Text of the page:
With so many industries moving toward robotic applications, Kamp Automation LLC has recently added some unique partnerships to their clientele.
“We’ve got companies coming to us with opportunities for automation that we never dreamed would approach us before. We’re doing some really cool things with the medical labs in Rochester, all the way up to a Turkey Factory in Northern Minnesota,” said Kent Patterson, Kamp’s Co-Founder. “We try to give our students a truly real-life experience with their internships, and that includes interacting with our customers.”
Based in Waseca, Minnesota, Kamp Automation primarily develops robotic solutions for factories and beyond. With the application of their products evolving every day, it’s useful to bring in a handful of engineering interns who can help move their new projects along.
This past summer, Kamp welcomed Josue Cruz-Reyes from the University of Minnesota, Nathan Kilmer from Iowa State University and Jerit Wilkening from Minnesota State University-Mankato.
Jump right in
“We always have several projects going at once,” Patterson said, “so our interns can jump in and help wherever needed. It begins with their understanding the machine requirements. After that they can jump into projects at many different levels.”
This was Cruz-Reyes’ second year interning with Kamp. This time around, he mostly worked on an assembly line robot designed to spray a solution on a plastic screen.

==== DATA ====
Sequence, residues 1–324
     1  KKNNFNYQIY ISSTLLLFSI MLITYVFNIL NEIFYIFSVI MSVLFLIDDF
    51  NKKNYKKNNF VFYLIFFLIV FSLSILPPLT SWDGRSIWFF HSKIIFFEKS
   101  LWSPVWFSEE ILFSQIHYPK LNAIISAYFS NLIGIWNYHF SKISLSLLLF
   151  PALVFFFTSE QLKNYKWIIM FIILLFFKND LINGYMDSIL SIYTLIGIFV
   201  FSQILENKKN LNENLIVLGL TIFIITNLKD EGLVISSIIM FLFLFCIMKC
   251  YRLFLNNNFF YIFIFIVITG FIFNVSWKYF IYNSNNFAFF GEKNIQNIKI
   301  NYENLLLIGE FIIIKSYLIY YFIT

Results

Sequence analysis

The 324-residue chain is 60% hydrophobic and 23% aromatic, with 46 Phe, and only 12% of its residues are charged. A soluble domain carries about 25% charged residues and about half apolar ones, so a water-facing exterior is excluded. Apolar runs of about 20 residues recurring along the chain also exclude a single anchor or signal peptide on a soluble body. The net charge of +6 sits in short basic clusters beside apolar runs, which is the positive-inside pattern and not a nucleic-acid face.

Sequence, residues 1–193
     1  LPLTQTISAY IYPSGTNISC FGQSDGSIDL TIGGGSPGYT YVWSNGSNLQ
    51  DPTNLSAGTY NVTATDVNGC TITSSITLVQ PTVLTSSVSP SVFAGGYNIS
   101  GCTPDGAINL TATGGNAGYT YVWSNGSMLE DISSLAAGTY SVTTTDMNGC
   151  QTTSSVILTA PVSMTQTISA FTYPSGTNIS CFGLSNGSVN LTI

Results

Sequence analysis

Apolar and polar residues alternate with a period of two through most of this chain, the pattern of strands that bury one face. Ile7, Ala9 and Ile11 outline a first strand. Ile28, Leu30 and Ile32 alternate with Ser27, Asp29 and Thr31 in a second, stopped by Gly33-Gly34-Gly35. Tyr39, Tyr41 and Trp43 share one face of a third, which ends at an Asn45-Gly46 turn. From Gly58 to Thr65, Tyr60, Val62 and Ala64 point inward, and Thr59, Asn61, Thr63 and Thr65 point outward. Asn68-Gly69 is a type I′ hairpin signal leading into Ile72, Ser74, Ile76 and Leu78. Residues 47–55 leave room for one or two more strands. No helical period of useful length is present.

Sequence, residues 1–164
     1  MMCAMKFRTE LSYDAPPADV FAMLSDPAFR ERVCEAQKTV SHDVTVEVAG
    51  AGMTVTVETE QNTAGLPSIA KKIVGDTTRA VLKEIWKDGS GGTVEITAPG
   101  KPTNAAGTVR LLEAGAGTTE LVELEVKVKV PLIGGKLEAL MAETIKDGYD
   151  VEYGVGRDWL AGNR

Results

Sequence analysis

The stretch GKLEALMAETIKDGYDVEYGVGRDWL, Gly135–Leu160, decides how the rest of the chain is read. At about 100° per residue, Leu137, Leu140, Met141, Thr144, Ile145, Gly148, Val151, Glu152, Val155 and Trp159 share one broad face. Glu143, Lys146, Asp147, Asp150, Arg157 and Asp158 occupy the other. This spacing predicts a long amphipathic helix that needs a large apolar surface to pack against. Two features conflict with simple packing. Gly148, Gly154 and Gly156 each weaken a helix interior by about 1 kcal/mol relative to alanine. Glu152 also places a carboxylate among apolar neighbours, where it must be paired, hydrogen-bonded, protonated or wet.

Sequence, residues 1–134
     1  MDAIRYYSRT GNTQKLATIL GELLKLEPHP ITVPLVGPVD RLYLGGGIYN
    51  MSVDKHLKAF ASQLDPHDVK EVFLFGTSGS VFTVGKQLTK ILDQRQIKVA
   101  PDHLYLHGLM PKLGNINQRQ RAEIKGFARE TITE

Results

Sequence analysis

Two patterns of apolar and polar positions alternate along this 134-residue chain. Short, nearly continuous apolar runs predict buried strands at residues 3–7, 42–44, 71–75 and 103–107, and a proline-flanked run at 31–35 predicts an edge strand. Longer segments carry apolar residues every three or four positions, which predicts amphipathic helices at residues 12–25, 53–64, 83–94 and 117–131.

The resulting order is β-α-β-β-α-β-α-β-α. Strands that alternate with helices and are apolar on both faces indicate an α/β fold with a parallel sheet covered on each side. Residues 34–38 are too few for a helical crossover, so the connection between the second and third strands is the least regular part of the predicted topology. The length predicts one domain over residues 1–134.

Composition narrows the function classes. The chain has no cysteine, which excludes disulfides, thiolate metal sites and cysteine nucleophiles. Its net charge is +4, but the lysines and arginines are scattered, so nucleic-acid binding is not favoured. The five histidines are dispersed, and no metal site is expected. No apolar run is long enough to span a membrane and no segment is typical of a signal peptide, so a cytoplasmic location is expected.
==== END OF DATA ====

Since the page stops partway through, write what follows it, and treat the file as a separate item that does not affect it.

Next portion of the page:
“It sounds simple, but everything that can go wrong does go wrong,” Cruz- Reyes said lightly. Addressing the bot’s automation bugs, he said, was a good way to utilize both his software and hardware abilities.
Kilmer worked alongside some of Kamp’s mechanical engineers, designing solutions for cutting and welding metal cylinders and helping out with a much larger assembly line project later on.
Wilkening assisted with mechanical assembly projects on the manufacturing floor. In between running tests on the housing for a gas meter, he also spent some time learning about PLC code. “That’s basically the brain of the whole operation for these machines,” Wilkening explained.
Responsibility, satisfaction and reward
Reflecting on the value of his interns, Patterson said, “The efficiency in which they work with technology is always amazing to me. It just reiterates that we’re going down the right path hiring and developing young talent.”
For the students hired this past year, their hard work was rewarded with meaningful experiences and the autonomy to learn.
“I’m very grateful that Kamp gives its interns such responsibility,” Cruz-Reyes said. “It’s a trial by fire. And though it’s great to have a mentor, when you work on something yourself, I think you learn a lot more through that process. I’m thankful for the opportunities I had to learn on the go.”
“Here, when I’m building robotics, every time you walk into that shop and you see one of the machines that you’ve constructed, that’s very rewarding,” added Wilkening.
“Every day I show up, I know there will be new challenges to solve. There are different things for me to do every day and I feel accomplished when we finish them. The sense of satisfaction at the end is what makes it worth it,” Kilmer concluded. “I’ve confirmed this is what I want to do for a living.”
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